- Join Facebook blogging groups. Many will have a regular thread where you can put your social media accounts for others to follow them. In return, you will have to follow everyone else’s accounts. This isn’t a great way to get an engaged audience since people are just following you because they have to but it can help you get to that first 100 followers.
- Interact with your social media accounts – like and comment on other’s posts and pages. Share interesting posts. Attend Twitter chats. Do what you can to interact with others and some will interact back.
The last step is the most important but also the most time consumming which is why I suggest you only work on building up one channel at a time and that it’s something you enjoy doing.
Buying followers is a controversial practice that generally isn’t very wise. You can get followers for very cheap on platforms like Fiverr. However, these are most likely going to be fake accounts.
This only hurts you in the long run as fake accounts won’t interact with your pages at all. On social media like Facebook this can hurt you and stop you from getting in front of your real followers.
Buying followers is quite common. I have seen plenty of blogger Facebook pages add an extra 10,000 followers overnight and it hasn’t seemed to have hurt them too much. It can help for platforms such as Twitter to give you an initial boost.
However, I recommend you keep away from doing this if you want to build an engaged social media audience (which should be your goal). It can also get your account shut if it’s discovered. I have never bought followers for my blogs.
4. A basic posting strategy
In conjunction with getting followers, you will also want to have a basic posting strategy. You will not be very successful in gaining followers (and there is no point) if you don’t have anything for them to see and interact with once they follow you.
Every social media platform will need its own strategy.
I recommend concentrating on one at a time and experimenting with what works until you find something that does. You can then plan and automate as much of it as you can before moving on to something else.
Something that works very well on Twitter, Instagram, Facebook and probably many others is posting questions. Ask your audience about themselves, what they like, dislike etc and it usually helps to get a lot more interaction.
What doesn’t work very well is dropping links to your own blog posts and that is it.
Here are some good suggestions of where to start with some of the main social media. Note that these are about getting something up and minimising time. To grow an account, you are going to need to spend time interacting.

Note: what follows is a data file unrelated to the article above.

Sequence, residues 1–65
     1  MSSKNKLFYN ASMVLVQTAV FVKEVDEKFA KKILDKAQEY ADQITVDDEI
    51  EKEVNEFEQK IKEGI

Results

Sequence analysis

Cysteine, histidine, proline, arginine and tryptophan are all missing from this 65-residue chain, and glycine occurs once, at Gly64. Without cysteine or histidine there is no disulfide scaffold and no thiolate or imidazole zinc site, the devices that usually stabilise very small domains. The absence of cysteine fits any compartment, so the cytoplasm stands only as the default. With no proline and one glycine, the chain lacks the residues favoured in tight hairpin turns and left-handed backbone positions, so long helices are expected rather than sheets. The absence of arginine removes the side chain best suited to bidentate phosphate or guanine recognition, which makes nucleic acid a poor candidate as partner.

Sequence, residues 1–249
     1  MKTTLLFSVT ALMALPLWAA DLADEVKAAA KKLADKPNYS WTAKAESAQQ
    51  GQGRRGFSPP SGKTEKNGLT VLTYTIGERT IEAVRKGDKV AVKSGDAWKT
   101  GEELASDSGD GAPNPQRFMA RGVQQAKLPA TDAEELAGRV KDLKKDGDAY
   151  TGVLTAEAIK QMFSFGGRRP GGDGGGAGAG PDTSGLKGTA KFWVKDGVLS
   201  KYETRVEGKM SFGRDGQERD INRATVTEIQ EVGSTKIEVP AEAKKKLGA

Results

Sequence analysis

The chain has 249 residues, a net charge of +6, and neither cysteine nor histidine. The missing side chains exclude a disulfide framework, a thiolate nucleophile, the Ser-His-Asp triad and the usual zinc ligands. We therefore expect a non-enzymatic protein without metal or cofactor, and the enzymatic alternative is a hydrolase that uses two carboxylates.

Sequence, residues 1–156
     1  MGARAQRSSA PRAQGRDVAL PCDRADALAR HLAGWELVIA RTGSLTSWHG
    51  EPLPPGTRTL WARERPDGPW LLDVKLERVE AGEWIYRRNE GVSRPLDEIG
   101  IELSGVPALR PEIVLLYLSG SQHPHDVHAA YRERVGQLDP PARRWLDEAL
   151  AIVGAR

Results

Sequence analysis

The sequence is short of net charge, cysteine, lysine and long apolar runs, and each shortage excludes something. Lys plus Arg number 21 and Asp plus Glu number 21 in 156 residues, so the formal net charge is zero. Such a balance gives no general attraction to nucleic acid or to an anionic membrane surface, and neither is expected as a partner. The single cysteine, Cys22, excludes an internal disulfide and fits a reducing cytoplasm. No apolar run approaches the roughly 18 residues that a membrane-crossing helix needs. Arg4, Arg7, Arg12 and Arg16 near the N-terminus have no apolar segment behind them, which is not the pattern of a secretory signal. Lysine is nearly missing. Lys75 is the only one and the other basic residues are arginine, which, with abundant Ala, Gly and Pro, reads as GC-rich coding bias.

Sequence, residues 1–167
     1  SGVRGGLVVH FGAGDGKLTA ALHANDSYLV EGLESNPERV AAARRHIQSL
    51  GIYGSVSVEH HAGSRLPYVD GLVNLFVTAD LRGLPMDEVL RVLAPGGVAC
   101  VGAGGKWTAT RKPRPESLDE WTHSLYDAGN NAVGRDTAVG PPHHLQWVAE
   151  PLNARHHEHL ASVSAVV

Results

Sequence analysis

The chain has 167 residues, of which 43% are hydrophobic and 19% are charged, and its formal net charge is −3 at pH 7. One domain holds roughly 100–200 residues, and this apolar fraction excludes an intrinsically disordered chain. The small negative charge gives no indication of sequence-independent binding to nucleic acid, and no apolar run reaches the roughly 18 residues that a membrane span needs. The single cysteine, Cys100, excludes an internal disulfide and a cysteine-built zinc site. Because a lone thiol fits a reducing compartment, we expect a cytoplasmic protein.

- Twitter is one of the easiest social media streams to automate. I use SmarterQueue to automatically tweet 4-10 times a day tweets that I have already set up. When I first started using SmarterQueue, I wrote a tweet for every post on my blog and 100 question tweets as well. I added these to SmarterQueue as well as what times I wanted it to tweet every week and it automatically does so with no extra effort. Once it tweets something, it moves it to the back of the queue and then this keeps going round and round. When I add a new blog post, I add it to this queue.
- Make a pin for every post. Join relevant group boards and schedule your pins to these boards using Tailwind. You can read more about my Pinterest strategy here.
- Use SmarterQueue to schedule Instagram photos. Use relevant hash tags and include questions where you can. I like to schedule one a day.
- Every week, write a plan of Facebook posts for your page and schedule them using the schedule function in Facebook. Mix up the type of posts you use to involve images, video, text only, Facebook live and links. You can also use SmarterQueue for this.
- Cross post any videos you make for blog posts on YouTube.
- Take a look at IFTTT. This is a tool that can automate many functions on your social media for free. I use functions to put my latest blog posts on LinkedIn and to post my Instagram photos on Twitter.
You can find my list of the best social media management apps here.
When you have downtime during the day, like when you are commuting, waiting in line, even on the toilet!!, get into your social media accounts and interact with others. In combination with the suggestions above, this will give you a good starting point with social media.
5. What you should do next
All the suggestions above are easy ways to get started in social media, but they are just that, a starting point. They will help you get your social media accounts off the ground and to start experimenting with what can work on each social media platform for your blog.
To grow them further requires dedicated time and a strategy for each platform. This takes time and experimentation. If you start by implementing the strategies above, pay attention. Which posts work really well? Which fall flat? Constantly be learning and improving.
This does all take time and it can be very hard to balance time for writing blog posts, SEO, social media, monetisation and the millions of other things you need to do as a blogger. That’s why it’s important to prioritise which social media platforms are worth your time and which are not. Don’t try to do everything as it’s just not going to work.
And find more posts on blogging fundamentals here.
What are your best social media tips?